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Great cruise vacations.

Have you wanted to take a cruise, but 1) thought it would be too expensive, 2) would take too much time, or 3) you wouldn't find other people with whom you have things in common? If so, throw out those old notions and read on. Cruising is no longer a privilege of the rich and retired; it's for everyone--young and old, singles and families, couch potatoes and the athletically-inclined. Whatever your lifestyle, there is a cruise to suit your desires.

"Perceptions about cruising have changed," says Denine Rodney, vice president for Accent Travel and Tours, a black-owned travel agency in New York City.

"The industry's mass-marketing efforts have helped travelers discover that cruises are more affordable than they ever imagined."

Travel professionals agree that there has never been a better time to sail. Although cruise lines generally increase fares by 2% to 5% each year, the lingering recession has helped slash rates by as much as 30%--bargains that are expected to hold through 1993. And by booking with a cruise discounter, you can sail on some ships for as little as $700 per person, double occupancy (plus air).

Thanks in part to deal-seeking travelers, cruising has emerged as the fastest-growing segment of the leisure-travel market. The industry has sailed ahead at a rate of 10% a year since 1987. In 1991 alone, 3.9 million American passengers boarded cruise ships at U.S. ports, says Jay Lewis, president of Market Scope Inc., a Miami-based cruise consulting firm,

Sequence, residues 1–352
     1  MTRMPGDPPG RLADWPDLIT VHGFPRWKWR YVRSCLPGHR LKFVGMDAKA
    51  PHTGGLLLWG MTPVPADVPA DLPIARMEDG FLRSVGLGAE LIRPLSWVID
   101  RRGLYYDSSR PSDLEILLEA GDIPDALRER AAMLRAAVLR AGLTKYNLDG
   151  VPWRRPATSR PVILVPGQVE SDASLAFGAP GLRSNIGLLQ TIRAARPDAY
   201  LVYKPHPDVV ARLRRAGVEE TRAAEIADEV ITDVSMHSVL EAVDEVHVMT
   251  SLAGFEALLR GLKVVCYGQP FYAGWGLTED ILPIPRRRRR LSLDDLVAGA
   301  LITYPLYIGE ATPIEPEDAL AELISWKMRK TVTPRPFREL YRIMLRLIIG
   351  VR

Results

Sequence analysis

What's the draw? "Cruising is an all-inclusive vacation," Lewis says. "You get accommodations, dining and entertainment all for one price. It's also a good way to visit foreign ports without giving up the comforts of an American lifestyle." Another plus: Most cruises include round-trip air fare.

Today, there are 15 major cruise lines in the United States (see sidebar), each offering different itineraries, amenities and price tiers. So how do you choose? "Selecting a cruise is like buying a car," says Tara Rogers, vice president of World Wide Cruises Inc., a discounter in Fort Lauderdale, Fla. "You can buy a Chevy or a Rolls Royce--it all depends on your budget, your destination and the type of ship you want to travel on." You'll find that accommodations run the gamut, too--from an inside cabin on a lower deck with basic amenities to a deluxe outside suite with a wet bar and a balcony. Rather than wade through all the possibilities yourself, it's best to work closely with a good travel agent.